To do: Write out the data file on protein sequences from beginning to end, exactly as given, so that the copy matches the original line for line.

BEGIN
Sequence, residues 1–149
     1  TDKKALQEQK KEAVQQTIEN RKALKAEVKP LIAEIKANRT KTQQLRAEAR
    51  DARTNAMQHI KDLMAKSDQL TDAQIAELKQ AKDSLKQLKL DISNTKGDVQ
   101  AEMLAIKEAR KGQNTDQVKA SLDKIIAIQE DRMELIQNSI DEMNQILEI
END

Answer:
Sequence, residues 1–149
     1  TDKKALQEQK KEAVQQTIEN RKALKAEVKP LIAEIKANRT KTQQLRAEAR
    51  DARTNAMQHI KDLMAKSDQL TDAQIAELKQ AKDSLKQLKL DISNTKGDVQ
   101  AEMLAIKEAR KGQNTDQVKA SLDKIIAIQE DRMELIQNSI DEMNQILEI